Kanban Metrics you won’t hate – Part 2: Control Chart

This is the second article about Kanban Metrics. The first article was about the Cumulative Flow Diagram, used to measure the throughput time for items in your backlog. The time it takes to go from “In Progress” to “Done” and then projected over a period of time.

But what are the ways you can use a Control Chart?

  1. Analyze your team’s performance
  2. Measure the effect of a process change
  3. Provide stakeholders information on your team’s performance
  4. Creating SLA’s for your team

Normally you should have a constant cycle time for your team. If you have this effects can be seen directly. You can use your time during the kaizen/retrospective to analyze the root of the inconsistency. Let’s look at 2 situations:

  1. You have an increasing cycle time. During the kaizen/retrospective we could see that we had changed our D.o.D. which causes the increasing cycle time.
  2. You have an erratic cycle time. Normally you should have consistent cycle times for work items with the same story points or within the same classes of service. Check the report for consistency. If there are differences on small and large story points, examine them during the kaizen/retrospective and improve future estimations or classifications.

What is common cause variation?
These are the items that fall between our limits and are done in a normal time.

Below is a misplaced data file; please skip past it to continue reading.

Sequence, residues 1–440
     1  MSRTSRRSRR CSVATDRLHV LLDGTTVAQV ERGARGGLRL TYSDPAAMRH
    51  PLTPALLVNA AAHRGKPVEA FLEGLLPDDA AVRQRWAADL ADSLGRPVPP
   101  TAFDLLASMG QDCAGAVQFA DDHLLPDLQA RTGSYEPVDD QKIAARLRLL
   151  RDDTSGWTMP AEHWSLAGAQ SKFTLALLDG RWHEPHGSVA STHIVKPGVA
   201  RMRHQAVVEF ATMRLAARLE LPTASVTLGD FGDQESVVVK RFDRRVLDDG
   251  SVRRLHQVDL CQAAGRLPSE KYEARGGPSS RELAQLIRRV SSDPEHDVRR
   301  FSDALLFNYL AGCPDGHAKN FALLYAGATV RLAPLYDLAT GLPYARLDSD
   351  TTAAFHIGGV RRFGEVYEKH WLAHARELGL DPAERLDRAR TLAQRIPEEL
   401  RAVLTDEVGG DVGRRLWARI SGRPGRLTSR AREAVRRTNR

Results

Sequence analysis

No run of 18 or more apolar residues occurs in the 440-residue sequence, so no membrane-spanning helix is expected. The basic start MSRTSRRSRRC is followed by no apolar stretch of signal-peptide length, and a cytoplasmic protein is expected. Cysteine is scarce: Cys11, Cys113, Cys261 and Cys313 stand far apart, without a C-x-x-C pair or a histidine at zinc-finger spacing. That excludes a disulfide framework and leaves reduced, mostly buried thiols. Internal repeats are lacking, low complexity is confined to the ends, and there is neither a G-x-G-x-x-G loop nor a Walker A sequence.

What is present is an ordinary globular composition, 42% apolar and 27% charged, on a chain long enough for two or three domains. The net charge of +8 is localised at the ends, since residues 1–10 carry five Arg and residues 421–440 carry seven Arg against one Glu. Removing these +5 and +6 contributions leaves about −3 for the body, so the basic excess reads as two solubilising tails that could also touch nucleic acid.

What is special cause variation?
All items that fall outside the limits, are special cause variations. These are the items you first have to look at and try to solve them.

So what does this metrics look like. Find an example here:

Looking a bit deeper into it, we have the blue line, which is the average line of our items. We have an UCL (Upper Control Line) and LCL (Lower Control Line) defining the constraints of common cause variations. These 2 lines are calculated at a distance of 3Sigma (Normal distribution) from mean. All in between are normal. No necessary action is needed. These items are done within a normal time. But the items above the UCL are to be avoided. The ones below the LCL can be reproduced.

When looking at special cause variation, also have a look at the ones that are significantly below the lower control limit and ask yourself: “What were the conditions that made this one go faster? Can we create those conditions for other items?”

For more information on Kanban metrics

  1. Cumulative Flow Diagram
  2. Control Chart

And if you want to know how to use them on your personal Kanban, see the book "Personal Kanban in a Nutshell"